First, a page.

Diversity = Creativity = Profitability
I am not telling you anything new when I say that women control household expenses and are more active on social media. When we develop advertising concepts, women are often the target group. So according to this logic, women should be at the heart of the creative process. However, in 2012, in the U.S., only 3% of creative directors were women.
This under-representation in advertising agencies can be observed in more places than the creative department—in the executive boardroom, for example. According to a recent economics study by A2C, 57.2% of employees in Quebec agencies are women, but men represent 80.9% of partners, 77.4% of general executives and 64.3% of board members.
For Kat Gordon, creative copywriter and founder of The 3% Movement (and of the conference bearing the same name), agencies are more profitable and more creative when key positions are held by a more balanced number of men and women.
On August 30, I participated in one of these conferences, hosted by Miami Ad School in Toronto. There I met numerous women and, thankfully, men who believe that our industry needs more diversity. And not because it’s fashionable or it’s politically correct or to look good, but because it’s good for business.
I’m going to share some of the most thought-provoking moments from that day.
How many times has your agency sent a group of men into a pitch, but the clients were all women? Or worse, when the brand is primarily female-focussed? If you want to win more pitches, make sure that your team is more mixed. This will have a positive impact on your corporate culture and on your employer brand. Right now, there are plenty of dedicated women in your office, who can help you do more than change the fonts in Keynote.
A leader is not necessarily an overly confident and authoritative male. A real leader listens, discusses, evaluates, share and rallies. A leader guides employees and helps them grow, and gives members of the team new opportunities. In challenging our perception of leadership, we can begin to recontextualize people who were perhaps cast aside for superficial reasons.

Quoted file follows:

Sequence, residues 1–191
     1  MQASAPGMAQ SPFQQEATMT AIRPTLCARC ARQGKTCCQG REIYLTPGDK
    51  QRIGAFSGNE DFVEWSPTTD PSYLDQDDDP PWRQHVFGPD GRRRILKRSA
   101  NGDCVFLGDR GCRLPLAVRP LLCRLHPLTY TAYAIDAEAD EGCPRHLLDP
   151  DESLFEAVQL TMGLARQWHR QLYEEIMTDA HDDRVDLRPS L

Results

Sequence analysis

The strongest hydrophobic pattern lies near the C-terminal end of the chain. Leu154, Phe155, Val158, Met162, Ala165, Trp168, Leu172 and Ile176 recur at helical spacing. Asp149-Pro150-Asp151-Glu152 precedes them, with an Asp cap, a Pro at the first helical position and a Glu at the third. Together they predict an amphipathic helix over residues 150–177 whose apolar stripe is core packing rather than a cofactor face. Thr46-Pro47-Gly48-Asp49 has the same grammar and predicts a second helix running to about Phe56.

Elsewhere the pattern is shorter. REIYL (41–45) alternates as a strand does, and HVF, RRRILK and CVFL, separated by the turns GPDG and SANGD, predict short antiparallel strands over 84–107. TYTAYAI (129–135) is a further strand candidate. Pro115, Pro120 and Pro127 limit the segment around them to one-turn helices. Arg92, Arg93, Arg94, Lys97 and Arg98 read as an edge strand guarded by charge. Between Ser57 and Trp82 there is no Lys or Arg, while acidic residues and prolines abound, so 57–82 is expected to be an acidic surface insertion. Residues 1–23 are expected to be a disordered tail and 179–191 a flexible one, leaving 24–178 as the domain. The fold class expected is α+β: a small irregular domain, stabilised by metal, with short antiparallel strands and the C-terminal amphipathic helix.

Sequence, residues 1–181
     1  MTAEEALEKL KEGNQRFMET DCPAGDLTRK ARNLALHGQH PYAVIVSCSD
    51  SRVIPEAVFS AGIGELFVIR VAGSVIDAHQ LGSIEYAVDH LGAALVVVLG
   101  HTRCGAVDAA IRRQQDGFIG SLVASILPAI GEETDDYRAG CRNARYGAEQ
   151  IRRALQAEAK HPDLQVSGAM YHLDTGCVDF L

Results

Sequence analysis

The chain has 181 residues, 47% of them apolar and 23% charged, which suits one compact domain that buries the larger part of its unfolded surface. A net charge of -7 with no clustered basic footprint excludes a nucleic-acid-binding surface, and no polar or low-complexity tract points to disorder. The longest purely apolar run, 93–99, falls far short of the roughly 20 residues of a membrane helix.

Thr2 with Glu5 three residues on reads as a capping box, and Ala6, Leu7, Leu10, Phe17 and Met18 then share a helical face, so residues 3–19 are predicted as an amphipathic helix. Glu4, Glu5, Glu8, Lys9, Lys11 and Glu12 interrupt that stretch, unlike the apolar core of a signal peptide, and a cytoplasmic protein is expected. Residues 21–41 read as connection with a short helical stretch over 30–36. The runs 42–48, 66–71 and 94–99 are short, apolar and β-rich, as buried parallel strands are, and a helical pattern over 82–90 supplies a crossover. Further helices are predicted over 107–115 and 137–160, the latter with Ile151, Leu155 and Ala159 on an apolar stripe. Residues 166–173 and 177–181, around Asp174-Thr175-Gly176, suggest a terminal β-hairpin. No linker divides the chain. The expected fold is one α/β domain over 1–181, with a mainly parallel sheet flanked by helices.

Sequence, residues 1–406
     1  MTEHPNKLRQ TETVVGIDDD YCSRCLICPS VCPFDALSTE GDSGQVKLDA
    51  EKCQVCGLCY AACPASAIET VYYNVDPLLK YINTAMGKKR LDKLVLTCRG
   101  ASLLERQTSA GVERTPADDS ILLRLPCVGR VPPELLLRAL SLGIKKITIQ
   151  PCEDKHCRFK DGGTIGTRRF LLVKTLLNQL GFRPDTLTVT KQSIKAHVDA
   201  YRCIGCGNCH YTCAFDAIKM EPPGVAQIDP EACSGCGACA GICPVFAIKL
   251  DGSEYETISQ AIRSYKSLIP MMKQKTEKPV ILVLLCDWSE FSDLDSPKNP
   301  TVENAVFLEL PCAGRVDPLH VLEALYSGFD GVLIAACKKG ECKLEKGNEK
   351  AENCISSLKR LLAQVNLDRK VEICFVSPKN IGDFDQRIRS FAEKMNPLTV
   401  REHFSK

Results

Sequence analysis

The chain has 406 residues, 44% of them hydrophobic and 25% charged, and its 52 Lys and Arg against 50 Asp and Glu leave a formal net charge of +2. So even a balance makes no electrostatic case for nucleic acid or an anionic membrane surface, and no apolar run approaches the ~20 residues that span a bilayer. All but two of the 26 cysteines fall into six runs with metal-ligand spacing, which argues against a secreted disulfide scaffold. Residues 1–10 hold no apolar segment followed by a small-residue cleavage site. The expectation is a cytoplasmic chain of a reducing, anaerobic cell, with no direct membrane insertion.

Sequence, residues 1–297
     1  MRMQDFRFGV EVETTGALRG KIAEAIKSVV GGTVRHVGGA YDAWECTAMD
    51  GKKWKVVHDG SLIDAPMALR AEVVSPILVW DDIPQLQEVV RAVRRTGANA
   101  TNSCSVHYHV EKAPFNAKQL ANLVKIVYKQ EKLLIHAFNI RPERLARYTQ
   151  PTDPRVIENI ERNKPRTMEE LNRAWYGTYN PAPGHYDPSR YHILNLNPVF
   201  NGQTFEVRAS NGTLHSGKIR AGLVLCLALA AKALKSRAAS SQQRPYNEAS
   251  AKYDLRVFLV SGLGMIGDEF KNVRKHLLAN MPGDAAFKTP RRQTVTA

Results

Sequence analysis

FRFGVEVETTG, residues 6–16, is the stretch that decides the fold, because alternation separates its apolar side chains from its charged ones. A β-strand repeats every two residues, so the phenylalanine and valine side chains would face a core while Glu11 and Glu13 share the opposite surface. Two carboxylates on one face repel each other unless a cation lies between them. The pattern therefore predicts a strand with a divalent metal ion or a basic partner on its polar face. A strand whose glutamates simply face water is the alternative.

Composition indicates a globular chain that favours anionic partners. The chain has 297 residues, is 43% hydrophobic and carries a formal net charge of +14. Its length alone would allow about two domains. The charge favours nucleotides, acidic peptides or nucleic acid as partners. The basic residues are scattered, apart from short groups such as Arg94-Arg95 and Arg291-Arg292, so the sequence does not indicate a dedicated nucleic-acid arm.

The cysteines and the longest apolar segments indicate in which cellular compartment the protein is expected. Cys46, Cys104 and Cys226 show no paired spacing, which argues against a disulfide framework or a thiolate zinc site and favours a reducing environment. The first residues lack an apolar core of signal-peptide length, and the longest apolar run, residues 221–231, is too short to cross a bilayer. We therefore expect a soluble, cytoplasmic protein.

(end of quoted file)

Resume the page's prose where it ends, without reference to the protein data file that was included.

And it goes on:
Take a chance on me
According to Wendy Clark, CEO of DDB North America, promoting a man is never seen as being risky, but promoting a woman is always risky. What if she gets pregnant? Doesn’t she have to take care of her kids? Or what if she’s too nice? We fear a woman’s fragile emotional side. After all, a boss shouldn’t cry! Or else, she’s too direct and is perceived as a controlling bitch who will emasculate the office. Am I being too crude? Too simplistic? Am I exaggerating? Prove me wrong!
Show by example
Enacting real change will require both women AND men to get involved. Presidents, VPs and partners, I’m not asking you to fire your execs or clean out your creative direction office in order to hire more women. As a feminist, I believe in equality. What I am asking is for you to start making concrete gestures that will help your employees grow into their full potential and, perhaps, even surprise you. Here are some ideas:
- Never tolerate sexist comments in your agency. By not speaking out, you are implicitly saying that it’s okay.
- Eliminate the notion of “guy” accounts and “girl” accounts. Psst! In case you didn’t know, women also watch the Super Bowl and buy cars 😉
- Encourage women on your team to speak up in meetings, with clients and within the industry.
- Work with your human resources team to close the wage gap and better support parents.
- Propose advertising concepts that validate women.
How is it that Kevin Roberts, the big boss at Saatchi & Saatchi, believes that the gender bias in the advertising world is over? How is it that the most famous woman in advertising is Peggy Olson, a fictional character on Mad Men?
No one is saying that achieving parity will be easy. But if our federal government was able to form a diverse AND qualified cabinet, then why can’t our industry, as open and progressive as it is, do the same? Can we afford to keep undervaluing women?
In an interview with Ad Age about General Mills USA’s closed review, Ann Simond, the brand’s Chief Marketing Officer, explains how she required participating agencies to be staffed with at least 50% women and 20% people of color within the creative department.
I’m seriously asking myself whether there’s a Quebec agency capable of winning that account.